From the Headmistress, at the Common Room
1. How many meals does most of your family eat at home each week? How many are in your family?
19-20 meals. The others are eaten at DOB's parents' house, but I make one of them (Sunday evening dinner, if we're going to evening church). DOB eats lunch and breakfast on the road, but he takes them in his snazzy insulated bags advertising some investment product or other, which he picked up at the last big company shindig. There are four of us, but D2 has not yet started solid food, although the day is lurching uncomfortably close.
2. How many cookbooks do you own?
About half a dozen general cookbooks, half a dozen one-topic cookbooks, and a cereal box or so full of old Taste of Home magazines. Anything that wouldn't fit on my top shelf in the cupboard is destined for Goodwill.
3. How often do you refer to a cookbook each week?
Two or three times. I rarely read a recipe unless I'm baking. Everything else is quite forgiving, and more adventuresome if you don't look.
4. Do you collect recipes from other sources? If so, what are some of your favorite sources (relaties, friends, magazines, advertisements, packages, the internet, etc)
If I want a specific recipe for something and it's not in my cookbooks, I look it up online. I also enjoy very much being part of the Martha blog.
5. How do you store those recipes?
Umm . . . if I get so far as to print them out, they get wadded up and stuffed in the converted cereal boxes with the magazines. I have an empty cookbook ready to receive recipe cards, but never get around to copying them to a suitable size and putting them in. Perhaps D1 can do it when she is old enough . . .
6. When you cook, do you follow the recipe pretty closely, or do you use recipes primarily to give you ideas?
A recipe is merely a theme to invite improvisation.
7. Is there a particular ethnic style or flavor that predominates in your cooking? If so, what is it?
Generally American, a lot of Americanized Italian and Mexican. Alas, I almost never get to fix Asian food, which I love, because DOB is allergic to soy.
8. What's your favorite kitchen task related to meal planning and preparation? (eating the finished product does not count)
Seasoning. Such an adventure, especially if you don't use a recipe or measuring spoons. Mixing up the herbs with shaker tops and the herbs without shaker tops can lead to too much of an adventure, though.
9. What's your least favorite part?
Cleaning up the dishes I didn't get done after the last meal so I have room to work.
10. Do you plan menus before you shop?
I never thought I would, but I have caved in. I just don't have the free brain power to keep improvising. I've made up a four-week rotation and am about halfway through. So far I'm loving it, but we shall see.
11. What are your three favorite kitchen tools or appliances?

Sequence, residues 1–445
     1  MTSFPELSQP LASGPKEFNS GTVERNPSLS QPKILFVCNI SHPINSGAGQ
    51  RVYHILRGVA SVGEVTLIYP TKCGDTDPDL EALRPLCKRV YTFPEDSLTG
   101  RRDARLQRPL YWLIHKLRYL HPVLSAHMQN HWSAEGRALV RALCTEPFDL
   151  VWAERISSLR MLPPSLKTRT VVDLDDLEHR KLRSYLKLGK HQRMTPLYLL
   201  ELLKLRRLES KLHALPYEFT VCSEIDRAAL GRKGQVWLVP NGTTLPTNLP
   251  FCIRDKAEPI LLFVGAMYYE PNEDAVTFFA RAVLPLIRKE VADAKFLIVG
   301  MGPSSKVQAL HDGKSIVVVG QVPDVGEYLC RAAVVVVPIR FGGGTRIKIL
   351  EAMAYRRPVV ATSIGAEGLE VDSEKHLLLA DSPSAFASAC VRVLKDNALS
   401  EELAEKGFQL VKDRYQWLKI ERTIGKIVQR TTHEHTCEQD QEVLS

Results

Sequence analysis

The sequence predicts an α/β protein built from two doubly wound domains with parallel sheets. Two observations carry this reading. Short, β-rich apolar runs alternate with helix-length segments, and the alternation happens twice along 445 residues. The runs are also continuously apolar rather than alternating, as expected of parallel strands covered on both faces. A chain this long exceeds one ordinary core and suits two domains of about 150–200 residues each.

Kitchenaid, crockpot, blender. (When D2 starts on solid foods, blender will move to the top.)
12. If you could buy one new thing for your kitchen, money was no object, and space not an issue, what would you most like to have?
A complete, matching set of sturdy, stainless steel pots and pans
13. Since money and space probably are objects, what are you most likely to buy next?
A four-quart pan. (If that's the middlish sized one.) With a lid that fits. So I can fit all our breakfast cereal in one pot without getting out the soup pot.
14. Do you have a separate freezer for storage?
We have an extra freezer, a spare one from DOB's parents, without which my life would be difficult indeed.
15. Grocery shop alone or with others?
If you have to ask, you haven't been around here long.
16. How many meatless main dish meals do you fix in a week??
Two or three dinners, depending on whether the bean dish gets meat added. But since lunches are always leftovers or beans, that number should be a little more than doubled.
17. If you have a decorating theme in your kitchen, what is it? Favorite kitchen colors?
Carrots, naturally. I hope this time I can get things up more than two months before we move out. For colors I use orange and green--though in moderation.
18. What's the first thing you ever learned to cook, and how old were you?
The first thing I remember knowing how to cook was chocolate cake, at about eight.
19. How did you learn to cook?
I think everybody showed me a little something--my mom, my sister, my aunt and great-aunts and grandmas and dad, and even my older brother, who makes the best steak in the Western Hemisphere. A lot of trial and error. I also picked up a fair bit from my former boss. Special mention goes to my former roommate, who put up with a lot from my cooking.
20. Tag two other people to play.
I'm going to cheat:
1. My Weird Aunt
2. All the Marthas. If you want to.